One of the great pleasures of the modern world is the ever-shrinking number of things in life that are exclusive. But there’s always unintended consequence, and nowhere has the unintended consequence of lost exclusivity had more reach than in education.
My father is a ‘tomato guy.’ You may know one — an older man who rhapsodizes over a vine-ripe, bright-red, juicy tomato. And he’s right, there’s nothing quite as good as a fresh tomato plucked from the vine in mid-July after a long anticipatory wait. Tomato guys like my dad also complain bitterly about the tomatoes that are now available year-round, how thick they are, how tasteless, how dry, how expensive. And they are right, because the commodification of tomatoes means attempting to overcome the reasons they were exclusive in the first place, which involves all manner of compromise and altered quality.
Once upon a time, most of life’s luxuries, and even many of its necessities, were exclusive. Everything was a tomato.
They were exclusive to time. If you wanted tomatoes or watermelon or apples, you had to wait for the season. If you wanted music or entertainment, you had to wait for the band or acting troupe or sports team to come to town. Later, you had to wait for the episode to air, the new season to begin, the 6 o’clock news to show, the movie to arrive in the theatre, the game to play. You had to wait for the newspaper to arrive, the school year to start, the class to end.
They were exclusive to place. If you wanted to see a team play, you had to go to the stadium. If you wanted to read a book, you had to go to the library or bookstore. If you wanted the news, you needed a newspaper. If you wanted some art, a museum in Paris or New York. If you wanted a tan you had to go to Florida. If you wanted an education, you had to go to school.
And they were exclusive to authority. If you wanted a nice piece of furniture, you needed a master woodworker. A butcher for meat, a reporter for news, a farmer for food, a tailor for clothes, and a teacher for knowledge.
For a long time, schools have had a near-exclusive lock on the rather broad and vital part of society dedicated to educating its citizens. Nearly every American learns to read, write, and do math in a school classroom and virtually nowhere else. A person’s exposure to our history, to the structure of our government, to science concepts, to our most venerated literature, to biology: all almost entirely exclusive to school and its classrooms.
This exclusivity influences the process, content, and structure of school in a variety of truly profound and often unquestioned ways. It allows education to group students almost entirely by age, and to separate content, especially after elementary school, according to the principles and concerns of the university. School’s exclusive monopoly on education sets the terms for how much we are willing to pay to educate our children (no more than one teacher for every 20 to 30 kids, for example), and what, precisely, they should learn at all (Shakespeare and calculus rather than biography and statistics). It determines how much time a person should dedicate to learning certain things (one hour a day, 180 days a year per core subject), how to best demonstrate understanding (a test, a diploma, a grade), and even, to an uncomfortable degree, what is unworthy (cooking, for example, and gardening, and popular entertainment).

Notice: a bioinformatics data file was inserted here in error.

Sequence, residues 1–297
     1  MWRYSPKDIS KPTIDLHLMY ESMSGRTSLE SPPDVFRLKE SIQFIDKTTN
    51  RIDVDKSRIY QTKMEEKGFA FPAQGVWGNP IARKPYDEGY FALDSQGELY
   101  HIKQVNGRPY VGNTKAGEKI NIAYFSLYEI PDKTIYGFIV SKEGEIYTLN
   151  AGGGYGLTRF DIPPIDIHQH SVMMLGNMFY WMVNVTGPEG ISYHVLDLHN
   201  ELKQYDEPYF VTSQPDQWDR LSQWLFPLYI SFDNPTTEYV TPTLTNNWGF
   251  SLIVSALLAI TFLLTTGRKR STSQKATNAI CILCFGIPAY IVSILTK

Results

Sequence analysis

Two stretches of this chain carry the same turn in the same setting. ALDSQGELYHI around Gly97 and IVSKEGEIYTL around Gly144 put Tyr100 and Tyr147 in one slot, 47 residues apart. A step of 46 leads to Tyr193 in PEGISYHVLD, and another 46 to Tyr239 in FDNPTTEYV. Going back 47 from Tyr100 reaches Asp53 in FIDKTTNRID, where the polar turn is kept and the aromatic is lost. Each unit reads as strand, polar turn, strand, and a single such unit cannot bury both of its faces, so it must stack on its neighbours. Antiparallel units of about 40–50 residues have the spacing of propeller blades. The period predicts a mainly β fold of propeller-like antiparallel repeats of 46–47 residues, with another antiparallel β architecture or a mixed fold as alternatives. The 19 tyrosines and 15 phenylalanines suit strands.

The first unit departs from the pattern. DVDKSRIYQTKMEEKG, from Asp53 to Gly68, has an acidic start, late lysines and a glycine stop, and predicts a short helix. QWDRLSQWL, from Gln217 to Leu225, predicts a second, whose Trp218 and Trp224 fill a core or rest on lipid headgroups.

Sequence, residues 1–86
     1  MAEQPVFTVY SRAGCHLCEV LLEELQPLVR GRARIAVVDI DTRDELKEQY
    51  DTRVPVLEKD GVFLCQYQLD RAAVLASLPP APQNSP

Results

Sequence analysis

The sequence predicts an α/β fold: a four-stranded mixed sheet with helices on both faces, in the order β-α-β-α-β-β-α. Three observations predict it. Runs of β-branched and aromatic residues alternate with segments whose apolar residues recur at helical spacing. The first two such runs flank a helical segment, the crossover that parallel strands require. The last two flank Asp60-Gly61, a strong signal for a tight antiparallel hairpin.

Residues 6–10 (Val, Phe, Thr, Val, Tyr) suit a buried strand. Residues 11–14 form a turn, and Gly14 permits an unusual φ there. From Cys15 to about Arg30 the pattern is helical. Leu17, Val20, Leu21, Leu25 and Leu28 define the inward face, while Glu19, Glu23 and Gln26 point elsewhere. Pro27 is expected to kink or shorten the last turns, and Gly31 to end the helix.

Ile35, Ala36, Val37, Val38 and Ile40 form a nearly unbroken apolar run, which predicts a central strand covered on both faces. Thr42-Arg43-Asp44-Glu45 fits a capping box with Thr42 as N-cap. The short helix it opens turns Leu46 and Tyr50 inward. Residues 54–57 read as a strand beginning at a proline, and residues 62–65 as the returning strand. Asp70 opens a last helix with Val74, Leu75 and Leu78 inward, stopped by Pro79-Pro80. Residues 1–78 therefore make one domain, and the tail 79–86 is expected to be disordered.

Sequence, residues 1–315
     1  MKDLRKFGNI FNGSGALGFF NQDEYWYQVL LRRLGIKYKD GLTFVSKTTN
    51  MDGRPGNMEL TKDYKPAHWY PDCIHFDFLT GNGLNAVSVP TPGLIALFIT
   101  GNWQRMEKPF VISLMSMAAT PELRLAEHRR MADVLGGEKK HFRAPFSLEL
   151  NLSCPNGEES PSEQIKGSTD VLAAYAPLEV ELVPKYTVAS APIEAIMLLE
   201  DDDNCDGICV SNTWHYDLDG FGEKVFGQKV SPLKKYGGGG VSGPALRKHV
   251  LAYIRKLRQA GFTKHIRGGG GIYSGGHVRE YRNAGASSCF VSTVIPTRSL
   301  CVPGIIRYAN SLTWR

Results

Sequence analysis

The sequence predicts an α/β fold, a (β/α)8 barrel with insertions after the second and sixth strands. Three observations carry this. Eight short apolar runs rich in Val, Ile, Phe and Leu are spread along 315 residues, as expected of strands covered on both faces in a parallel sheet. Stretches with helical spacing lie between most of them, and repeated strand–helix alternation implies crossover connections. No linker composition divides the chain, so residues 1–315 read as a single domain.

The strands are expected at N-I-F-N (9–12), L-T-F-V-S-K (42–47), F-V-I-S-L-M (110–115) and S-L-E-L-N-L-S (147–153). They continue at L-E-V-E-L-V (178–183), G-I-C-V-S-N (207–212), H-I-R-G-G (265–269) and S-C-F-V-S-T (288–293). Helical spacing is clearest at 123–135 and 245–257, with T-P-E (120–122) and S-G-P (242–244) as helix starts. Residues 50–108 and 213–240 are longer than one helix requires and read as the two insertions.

Exclusivity — or monopoly, if one wishes to be blunt about it — also means that one is forced to accept all manner of otherwise disagreeable conditions, even risks, that the provider doesn’t need to consider or sacrifice for. Scurvy was once an actual thing because fresh fruit wasn’t available all year. A lot of the shows I now binge-watch still suffer structurally from the pauses and plot breaks and summaries that are created by broadcast commercial breaks and weekly segmentation. And of course all of us endured the classroom for twelve or more years because there simply was no other choice.
School’s monopoly on education is so powerful, in fact, that even implying ‘learning’ and ‘school’ may not be the same feels wrong and illogical. If not school, where else and how else? Are students just supposed to learn on their own? Do we expect every parent to teach her or his own child to read and write and perform trigonometry? Nor do we truly question the judgments of quality and value that school places upon all manner of occupation, event, or subject.
It was once possible to put 20 or 30 young people in a room grouped almost entirely by age because school offered a prized commodity that could be had almost nowhere else. If you wanted history (capital H history, that is), for example, you could either find a book or find a classroom. If you needed math, especially the advanced kind, there was no other way to get it than through a teacher. If you wanted to learn how to read, you could attempt it on your own or get it in school. It did not matter that the system itself was flawed or inefficient. (If you wanted that tomato in December, you had to take what was available.)
It is true that books are themselves a genuinely democratic commodity. Every town in America has a library. But books are surprisingly limited in their range, accessibility, and availability. Books themselves are exclusive, best suited to those individuals who learn by being alone and reading, and best tailored to those people have already have a sense of what they seek and need. If books alone could educate most people, we’d never have needed schools in the first place.
And schools were able to clump students by age alone, in specific types of classes, according to a very rigid schedule, and assessed in an incredibly narrow way, because it had a monopoly on a necessity. If schools — and teachers — once had exclusive hold on a few things, it’s also true that what they offer is needed by just about everyone. Literacy, number sense, science, history — the mental foundations of a modern society can neither be ignored nor neglected. To function as an adult in the 21st century, a human being needs to know how to read and count and have a modicum of knowledge in their head.
Teachers’ and schools’ exclusivity simultaneously offered (near) universal access to all Americans, and severely limited the shape and content of that access. Some of those restrictions were structural and unintentional, defined by the limitations of money and space and people. Others were entirely intentional, motivated by factors as varied as outright racism to well-intentioned content decisions.
Exclusivity is not entirely negative. Hardship and discomfort are often fundamental to an experience, especially education. Learning is a complicated business, not always welcomed and not always easy. And there are things in life which require discomfort to be complete. The effort we endure can make those things better just because we have to work or suffer to get them. Watermelon simply tasted better if you only ate it once a year. Lobster was more delicious because you went to Maine for it. The gifts of Christmas, even when more meager, felt far more fantastic than anything to be gotten today at a moment’s notice.